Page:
Adaptations are defined for our purpose as character combinations, metabolic processes, and developmental pathways that enable an organism to survive in a given niche; and to occupy an optimal position in relation to the specific physiological possibilities set by its evolutionary history. Every adaptation then reflects characteristics of the niche. Now part of this complex are genetic adaptations of populations to environmental heterogeneity, which will be discussed in Chapter IV under the heading “Adaptive Strategies.” Adaptive strategies often lead to the development of polymorphic populations. The adaptive value of these populations over all niches of the heterogeneous environment consists in being the source of a variety of phenotypes adapted to certain niches, not of an optimum phenotype for all niches. Thus, adaptations, in the sense of this chapter, are concerned only with “pure” and not with “mixed” strategies. The evolutionary possibilities of a population are set in each case by past experience stored as genetic information and by the value of this past experience under the special conditions of a given niche. Genetic information is modified through reactions to selection in the course of generations. Existing adaptations may be improved and new adaptations may be developed.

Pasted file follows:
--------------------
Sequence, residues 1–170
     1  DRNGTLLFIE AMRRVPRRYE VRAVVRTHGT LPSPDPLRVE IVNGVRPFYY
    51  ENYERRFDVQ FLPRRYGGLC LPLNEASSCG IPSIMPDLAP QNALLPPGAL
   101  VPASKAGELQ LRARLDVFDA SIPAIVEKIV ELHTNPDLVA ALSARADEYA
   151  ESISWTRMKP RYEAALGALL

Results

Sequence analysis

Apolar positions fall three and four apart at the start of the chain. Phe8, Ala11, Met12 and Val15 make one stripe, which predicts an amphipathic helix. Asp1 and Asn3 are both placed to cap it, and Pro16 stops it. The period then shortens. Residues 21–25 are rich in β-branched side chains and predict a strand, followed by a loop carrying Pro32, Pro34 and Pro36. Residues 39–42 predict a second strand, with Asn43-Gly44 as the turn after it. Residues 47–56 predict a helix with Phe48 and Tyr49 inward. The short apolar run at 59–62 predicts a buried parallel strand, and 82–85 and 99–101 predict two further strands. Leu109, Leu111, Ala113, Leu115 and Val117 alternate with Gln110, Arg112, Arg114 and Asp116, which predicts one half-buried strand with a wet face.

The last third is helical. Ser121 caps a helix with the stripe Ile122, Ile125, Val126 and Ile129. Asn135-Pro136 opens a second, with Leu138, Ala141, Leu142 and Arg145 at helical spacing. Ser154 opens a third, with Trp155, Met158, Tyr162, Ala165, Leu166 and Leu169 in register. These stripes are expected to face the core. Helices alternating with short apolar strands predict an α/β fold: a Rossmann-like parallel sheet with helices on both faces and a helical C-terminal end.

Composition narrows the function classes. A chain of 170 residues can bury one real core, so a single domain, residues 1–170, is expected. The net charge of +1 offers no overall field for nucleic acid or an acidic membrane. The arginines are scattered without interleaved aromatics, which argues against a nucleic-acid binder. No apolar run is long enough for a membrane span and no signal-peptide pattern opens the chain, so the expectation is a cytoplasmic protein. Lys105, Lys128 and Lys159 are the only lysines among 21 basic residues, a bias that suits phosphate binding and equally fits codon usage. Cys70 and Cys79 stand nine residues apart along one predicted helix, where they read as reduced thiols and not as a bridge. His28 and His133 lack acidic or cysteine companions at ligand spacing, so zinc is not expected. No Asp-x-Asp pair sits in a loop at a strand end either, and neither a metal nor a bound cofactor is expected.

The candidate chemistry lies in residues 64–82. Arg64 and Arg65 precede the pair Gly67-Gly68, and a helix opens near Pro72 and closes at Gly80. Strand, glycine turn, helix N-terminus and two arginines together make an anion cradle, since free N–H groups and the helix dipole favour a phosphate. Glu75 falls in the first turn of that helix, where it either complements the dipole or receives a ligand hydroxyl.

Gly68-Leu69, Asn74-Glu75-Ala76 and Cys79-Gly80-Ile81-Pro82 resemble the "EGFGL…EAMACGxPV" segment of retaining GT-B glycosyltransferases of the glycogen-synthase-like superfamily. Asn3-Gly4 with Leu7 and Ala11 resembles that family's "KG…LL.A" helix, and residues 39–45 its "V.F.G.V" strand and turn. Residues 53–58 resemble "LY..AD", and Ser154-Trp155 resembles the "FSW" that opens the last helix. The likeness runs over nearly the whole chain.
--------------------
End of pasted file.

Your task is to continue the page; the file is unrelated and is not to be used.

KeywordsForest Fire Seed Dispersal Forest Tree Adaptive Strategy Female Flower
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